At our July Best Practice Group meeting, one of our HR leaders wanted to understand how other firms were conducting formal performance reviews. Specifically, they wanted to know:
"What are the best approaches to encourage managers / partners to complete their performance reviews? What do other firms do in this space?"
Performance reviews have a substantial impact on the employee experience. We see a correlation between managers who invest time in employee reviews and more positive employee engagement and outcomes. A good review experience should gives an employee greater clarity on where they stand in the organisation and what their career trajectory looks like - so important in the current hyper-competitive talent market.
Additionally, members said compliance was critical because:
Quite a few said they were interested in diving deeper into the problem, but didn’t have the time or resources for a big project. What are some quick tips? Below is what we came up with:
A number of clients found the Performance Leader nudge tools worked very well to get the right message to the right person, at the right time. People are good at tuning out messages that are automated, repetitive or perceived to be irrelevant. Messages that are personalised - right person, right time, right request - are more likely to cut through the noise.
Whatever system you use, consider exporting the data and crafting messages that would resonate more strongly with certain departments or groups, and sending them at a time that might work best for them (not just at the start or end of the review period).
A simple (or not) idea is to include performance review targets within a manager’s own KPIs - performance management becomes part of their performance management. Performance and feedback is critical to firm growth and retention, and thus should be measured as a key skill (and output) of effective managers. You can't develop what you don't measure.
Besides ensuring managers comply with their obligations, a KPI here could also rewards good managers for, well, managing well. (If you're interested in this, take a look at this article about designing a strength based competency framework).
A number firms have taken this approach and have had great feedback. It sends a powerful signal on the importance of being a good leader, what you prioritise at your organisation, and what you're willing to ignore.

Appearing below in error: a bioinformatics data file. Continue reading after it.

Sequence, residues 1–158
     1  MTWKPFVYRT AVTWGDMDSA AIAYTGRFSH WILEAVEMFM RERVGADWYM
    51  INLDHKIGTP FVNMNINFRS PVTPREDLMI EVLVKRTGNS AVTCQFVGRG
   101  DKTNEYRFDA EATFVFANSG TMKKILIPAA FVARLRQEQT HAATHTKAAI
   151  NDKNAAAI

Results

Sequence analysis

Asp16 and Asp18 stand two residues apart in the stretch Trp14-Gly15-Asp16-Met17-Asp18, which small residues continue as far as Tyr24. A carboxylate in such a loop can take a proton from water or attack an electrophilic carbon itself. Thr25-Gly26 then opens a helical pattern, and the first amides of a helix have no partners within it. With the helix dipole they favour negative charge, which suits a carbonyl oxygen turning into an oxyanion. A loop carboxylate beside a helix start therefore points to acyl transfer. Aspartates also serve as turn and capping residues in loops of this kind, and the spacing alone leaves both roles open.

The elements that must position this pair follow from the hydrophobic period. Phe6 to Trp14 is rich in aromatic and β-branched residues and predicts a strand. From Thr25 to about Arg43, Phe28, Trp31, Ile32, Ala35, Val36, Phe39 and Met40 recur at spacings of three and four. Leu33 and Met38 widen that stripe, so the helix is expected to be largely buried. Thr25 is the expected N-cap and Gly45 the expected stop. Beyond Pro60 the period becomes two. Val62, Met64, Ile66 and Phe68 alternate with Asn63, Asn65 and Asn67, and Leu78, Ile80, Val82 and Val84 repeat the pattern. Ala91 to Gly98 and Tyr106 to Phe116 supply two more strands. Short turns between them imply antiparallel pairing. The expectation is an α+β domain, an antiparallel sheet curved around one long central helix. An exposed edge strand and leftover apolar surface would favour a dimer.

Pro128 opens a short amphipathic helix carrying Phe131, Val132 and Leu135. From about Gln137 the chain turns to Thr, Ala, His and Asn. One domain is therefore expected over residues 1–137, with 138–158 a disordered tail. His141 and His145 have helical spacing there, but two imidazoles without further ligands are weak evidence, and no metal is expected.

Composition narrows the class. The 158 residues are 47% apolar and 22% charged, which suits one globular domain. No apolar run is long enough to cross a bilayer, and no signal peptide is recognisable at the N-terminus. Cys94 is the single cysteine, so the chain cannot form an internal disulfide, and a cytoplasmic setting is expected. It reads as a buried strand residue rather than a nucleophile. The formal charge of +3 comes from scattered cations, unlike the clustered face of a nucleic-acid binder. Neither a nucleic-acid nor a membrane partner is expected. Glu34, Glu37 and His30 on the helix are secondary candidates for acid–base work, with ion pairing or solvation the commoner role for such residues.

Sometimes quick hacks won't cut it. If you're constantly struggling to achieve your compliance targets, it's time to take a step back and evaluate the entire process.
Do reviews need to happen the way they are happening now? What do managers and employees think? What do we want to achieve and what are willing to forgo?
Before working with us, one of our clients only had 40% of employees setting goals (never mind updating them). Together we designed a simple goal-setting cycle and in a few weeks that number went up to over 91% of employees with goals. The streamlined process also gave managers more oversight and reduced the time it took to schedule conversations and do follow ups.
Take a design thinking approach and workshop how the experience can produce more value (for participants and the firm). It might feel like more effort initially, but will save you and everyone else time.
A little friendly peer pressure is a great way to inspire action. No one likes being left behind!
A client shared that they used data from the Performance Leader platform to create a table that listed how teams and departments were progressing with completion of their reviews and feedback requests. It was a simple internal leaderboard (for managers and above only) that gave leadership oversight over the entire process, but also encouraged some groups to pick up the pace.
What's great about this idea is it also recognises those who are doing a great job! Often the focus is only on those not meeting the deadlines, you have to celebrate the role-models too.
As always, be careful about naming and shaming - consider placing people in bands (top 5, bottom 5 etc) and focus on teams, not individuals.
It doesn't hurt to throw in a friendly wager. Drinks on the last 2. At a place chosen by no 1.
Often the best way is the simplest: twisting arms. Having identified your 'bottlenecks' send them an email or Teams DM, pick up the phone or catch them in the elevator and asking how they're progressing.
This approach works especially well with those who are incredibly busy. A conversation breaks through the stream of emails, calls and messages. Once you have their attention, commit them to a time and put something in their calendar.
The best thing about this approach though is it's an opportunity to understand challenges some managers might be facing. Perhaps they are avoiding a difficult conversation, or they are struggling to make a decision. It's a chance for you to add value to the relationship, and maybe provide some coaching.
Arm twisting has to be done sensitively (else arms break!). Avoid shaming, don't call someone out publicly, choose a time when they might be most responsive and think about who might be best to reach out to them. It doesn't always have to the HR pushing, often it's better to get a senior leader to say a few delicate but firm words.
At the end of the day, the commitment of managers to completing performance reviews is a factor of how complex processes are, the support (and resources) available and the culture of the organisation. If organisations prioritise feedback and growth, the review has to have a central role.
The Performance Leader Best Practice Group is a monthly gathering of HR leaders and Performance Leader Super Admins. We convene to share and discover innovative approaches to building cultures of feedback and high-performance, and talk about our pets. If you're a client and you'd like to join, please get in touch.